When the ultimatum expired on December 20, the HTC immediately responded. Within the first 24 hours, Hadhramaut witnessed widespread unrest and violence. Armed tribal checkpoints were set up across the region. All land access routes to producing oil blocks were blockaded – the tribesmen successfully resisted several attempts by Yemeni soldiers to remove these blockades. Some oil firms suspended operations completely, while those who continued operating were forced to fly in all necessary supplies they.
Since then, armed clashes between Hadhrami tribesmen and Yemeni army forces have occurred repeatedly, killing and injuring many Yemeni soldiers: a February 8 clash alone killed 12 soldiers. Over a dozen Yemeni soldiers captured in these battles still remain in HTC custody. The HTC also took control of and shut off a key pumping station on the Masila export pipeline, which transports crude oil from all the producing fields to the loading terminal on the coast.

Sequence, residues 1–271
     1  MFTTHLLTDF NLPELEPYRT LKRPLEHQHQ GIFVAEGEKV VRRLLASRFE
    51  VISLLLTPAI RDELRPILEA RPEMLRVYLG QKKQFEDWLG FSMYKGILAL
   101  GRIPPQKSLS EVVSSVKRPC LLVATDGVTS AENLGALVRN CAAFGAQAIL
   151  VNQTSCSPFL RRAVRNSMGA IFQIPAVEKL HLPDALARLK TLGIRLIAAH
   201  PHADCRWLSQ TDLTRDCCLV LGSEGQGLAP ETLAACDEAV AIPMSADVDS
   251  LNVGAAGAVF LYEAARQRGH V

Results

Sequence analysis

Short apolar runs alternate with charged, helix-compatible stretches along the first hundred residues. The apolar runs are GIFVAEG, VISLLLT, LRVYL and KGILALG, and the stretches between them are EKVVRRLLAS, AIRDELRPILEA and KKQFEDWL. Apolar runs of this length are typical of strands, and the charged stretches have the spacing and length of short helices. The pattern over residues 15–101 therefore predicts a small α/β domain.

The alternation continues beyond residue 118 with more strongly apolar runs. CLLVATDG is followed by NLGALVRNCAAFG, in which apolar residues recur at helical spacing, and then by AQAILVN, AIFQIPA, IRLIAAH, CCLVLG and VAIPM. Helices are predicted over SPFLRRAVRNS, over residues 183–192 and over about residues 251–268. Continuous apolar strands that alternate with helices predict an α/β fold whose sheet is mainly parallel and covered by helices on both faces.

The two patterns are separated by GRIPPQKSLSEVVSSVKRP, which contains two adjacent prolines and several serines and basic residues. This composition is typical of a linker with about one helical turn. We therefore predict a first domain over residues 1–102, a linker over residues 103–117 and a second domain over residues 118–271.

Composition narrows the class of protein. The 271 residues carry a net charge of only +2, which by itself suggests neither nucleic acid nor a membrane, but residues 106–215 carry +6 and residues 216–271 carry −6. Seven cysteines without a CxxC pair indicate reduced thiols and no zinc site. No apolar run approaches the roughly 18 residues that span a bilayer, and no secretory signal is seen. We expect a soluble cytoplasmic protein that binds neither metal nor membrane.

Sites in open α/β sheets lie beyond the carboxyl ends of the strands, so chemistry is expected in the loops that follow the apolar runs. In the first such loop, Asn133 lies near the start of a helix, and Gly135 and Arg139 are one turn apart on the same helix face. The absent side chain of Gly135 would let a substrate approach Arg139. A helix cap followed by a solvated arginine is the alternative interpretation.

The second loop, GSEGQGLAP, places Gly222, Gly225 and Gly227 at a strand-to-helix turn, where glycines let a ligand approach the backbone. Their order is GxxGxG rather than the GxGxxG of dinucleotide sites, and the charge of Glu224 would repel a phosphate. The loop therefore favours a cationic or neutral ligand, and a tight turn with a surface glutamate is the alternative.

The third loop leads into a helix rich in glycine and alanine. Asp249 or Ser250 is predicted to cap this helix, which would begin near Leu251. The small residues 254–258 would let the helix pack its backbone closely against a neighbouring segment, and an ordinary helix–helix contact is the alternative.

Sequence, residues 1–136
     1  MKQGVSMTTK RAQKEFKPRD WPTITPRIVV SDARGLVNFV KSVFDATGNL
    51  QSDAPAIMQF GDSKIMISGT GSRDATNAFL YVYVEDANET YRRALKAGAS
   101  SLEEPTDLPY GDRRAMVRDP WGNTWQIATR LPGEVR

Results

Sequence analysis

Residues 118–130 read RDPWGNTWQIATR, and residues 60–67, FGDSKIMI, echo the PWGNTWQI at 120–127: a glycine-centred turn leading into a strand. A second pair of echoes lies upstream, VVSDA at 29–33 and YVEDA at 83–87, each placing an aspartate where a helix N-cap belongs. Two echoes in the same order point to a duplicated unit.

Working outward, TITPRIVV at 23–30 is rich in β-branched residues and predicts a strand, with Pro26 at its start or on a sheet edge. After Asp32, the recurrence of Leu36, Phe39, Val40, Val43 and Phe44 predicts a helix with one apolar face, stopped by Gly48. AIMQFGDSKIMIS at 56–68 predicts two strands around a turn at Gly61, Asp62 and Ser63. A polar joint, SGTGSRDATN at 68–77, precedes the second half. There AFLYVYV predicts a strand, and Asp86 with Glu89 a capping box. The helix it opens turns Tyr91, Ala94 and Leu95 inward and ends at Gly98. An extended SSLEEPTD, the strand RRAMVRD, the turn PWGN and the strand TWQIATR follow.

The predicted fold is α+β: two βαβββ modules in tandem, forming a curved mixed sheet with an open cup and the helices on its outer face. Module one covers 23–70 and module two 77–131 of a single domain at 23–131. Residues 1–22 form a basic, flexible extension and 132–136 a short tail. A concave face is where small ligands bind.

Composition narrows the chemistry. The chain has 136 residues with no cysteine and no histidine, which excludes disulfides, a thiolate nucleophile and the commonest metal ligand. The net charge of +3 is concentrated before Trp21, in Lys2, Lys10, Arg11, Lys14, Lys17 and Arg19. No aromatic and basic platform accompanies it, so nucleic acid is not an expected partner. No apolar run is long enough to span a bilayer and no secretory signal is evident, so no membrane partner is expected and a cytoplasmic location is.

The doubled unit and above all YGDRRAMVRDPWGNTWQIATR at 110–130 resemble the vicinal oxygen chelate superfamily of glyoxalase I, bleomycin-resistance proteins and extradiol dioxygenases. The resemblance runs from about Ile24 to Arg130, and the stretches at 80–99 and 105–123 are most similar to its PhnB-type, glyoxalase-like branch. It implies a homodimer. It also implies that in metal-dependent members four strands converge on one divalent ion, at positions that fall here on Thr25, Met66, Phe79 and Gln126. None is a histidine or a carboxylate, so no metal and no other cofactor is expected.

By the middle of February 2014, the HTC had succeeded in completely ceasing all oil production in Hadhramaut, and the Yemeni government was forced to seek the commencement of tribal arbitration with the Hadhrami tribes. On March 7, President Hadi promised to provide a record-breaking aadaal (guarantee) for the proposed arbitration of 202 assault rifles, 20 four wheel drive vehicles, and a sum of 1 billion Yemeni riyals (US$4.6M). In exchange, the HTC agreed to a temporary truce and easing of the crippling oil field blockades, with the arbitration set to commence within 10 days.